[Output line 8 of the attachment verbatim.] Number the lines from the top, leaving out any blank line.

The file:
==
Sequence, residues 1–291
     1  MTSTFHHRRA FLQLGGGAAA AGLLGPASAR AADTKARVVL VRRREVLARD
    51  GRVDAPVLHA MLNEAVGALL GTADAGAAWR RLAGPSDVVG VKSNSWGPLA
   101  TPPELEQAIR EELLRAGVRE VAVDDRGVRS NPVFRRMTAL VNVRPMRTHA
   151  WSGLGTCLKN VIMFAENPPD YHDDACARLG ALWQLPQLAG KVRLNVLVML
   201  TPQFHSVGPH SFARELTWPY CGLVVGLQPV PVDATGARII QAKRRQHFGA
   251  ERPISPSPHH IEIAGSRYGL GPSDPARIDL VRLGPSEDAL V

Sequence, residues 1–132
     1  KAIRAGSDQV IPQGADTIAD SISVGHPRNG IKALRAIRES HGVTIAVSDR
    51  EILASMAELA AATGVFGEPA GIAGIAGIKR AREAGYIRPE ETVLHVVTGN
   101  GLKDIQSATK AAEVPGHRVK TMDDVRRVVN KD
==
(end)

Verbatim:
Sequence, residues 1–132